The weather is fantastic so what should gardeners be doing right now?
There are a number of important considerations to understand before
making this investment in time, energy and money.
Barb Grisham joins us to give advice on planting fruit trees.
There are many varieties of fruit trees available, but only certain
ones will do well in our growing area.
Not all choices found to be purchased are on this recommended list, so don't just assume if it's for sale it will be okay to grow and will produce fruit.
Chill requirements are critical to consider - it is the accumulated
hours between 32 and 45 degrees F that a specific variety requires to
successfully produce fruit.
Some fruit trees will need a cross-pollinator to successfully
produce; this is true for apples. Some will produce alone, but would perform better with another variety. This also extends to the length of fruiting season.
Fruit trees require very good drainage to perform well. Choose top
of a slope if possible. Perk test a planting hole first---dig a three foot hole and fill with water. If all water is gone in 24 hours, this should work. If not, another site will be needed.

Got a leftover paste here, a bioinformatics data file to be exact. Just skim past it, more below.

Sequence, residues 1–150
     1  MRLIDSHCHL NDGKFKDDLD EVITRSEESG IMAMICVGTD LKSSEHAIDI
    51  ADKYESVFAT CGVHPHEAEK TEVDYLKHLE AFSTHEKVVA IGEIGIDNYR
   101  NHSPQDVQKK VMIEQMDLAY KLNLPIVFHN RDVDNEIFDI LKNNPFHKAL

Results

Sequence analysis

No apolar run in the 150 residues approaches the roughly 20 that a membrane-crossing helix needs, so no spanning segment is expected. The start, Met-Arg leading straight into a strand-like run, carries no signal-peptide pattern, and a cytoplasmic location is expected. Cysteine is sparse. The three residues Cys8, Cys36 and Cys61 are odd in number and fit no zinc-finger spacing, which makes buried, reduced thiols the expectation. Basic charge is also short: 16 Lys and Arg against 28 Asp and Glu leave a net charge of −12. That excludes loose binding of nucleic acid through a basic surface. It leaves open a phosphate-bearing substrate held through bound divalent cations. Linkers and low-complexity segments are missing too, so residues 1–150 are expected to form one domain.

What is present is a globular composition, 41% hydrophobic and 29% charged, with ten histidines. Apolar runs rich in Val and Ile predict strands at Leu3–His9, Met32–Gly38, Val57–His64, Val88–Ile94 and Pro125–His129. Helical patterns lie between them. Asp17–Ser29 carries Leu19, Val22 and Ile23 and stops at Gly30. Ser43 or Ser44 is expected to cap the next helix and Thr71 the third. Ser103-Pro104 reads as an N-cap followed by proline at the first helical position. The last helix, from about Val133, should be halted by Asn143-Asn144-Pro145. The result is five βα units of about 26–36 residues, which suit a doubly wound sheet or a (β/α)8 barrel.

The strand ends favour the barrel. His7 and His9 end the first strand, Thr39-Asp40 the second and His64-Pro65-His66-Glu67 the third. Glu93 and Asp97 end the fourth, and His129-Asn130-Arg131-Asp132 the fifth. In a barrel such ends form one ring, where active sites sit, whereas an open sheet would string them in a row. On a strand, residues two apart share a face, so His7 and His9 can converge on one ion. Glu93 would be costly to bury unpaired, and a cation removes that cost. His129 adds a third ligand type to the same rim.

The planting site will need a minimum of eight hours of
sunlight. Supplemental water should be easily accessible.
Fruit trees may be purchased bare-root or container grown. Most
homeowners will choose container grown. After your choices have been made considering the above criteria, you are ready to plant.
Dig a hole three times the width of root ball but no deeper. Use soil that you have removed. Add root stimulator to last amount of water when watering in and positioning.
The easiest fruits to grow are blackberries and figs. Fireblight
resistant pears are also a good choice.
Hope you plan to enjoy some homegrown fresh fruit in your future with
a bounty to share.
Texas AgriLife Extension publications can be found on the Web
And, of course, you can always contact the Grayson County Master Gardeners for any advice you need.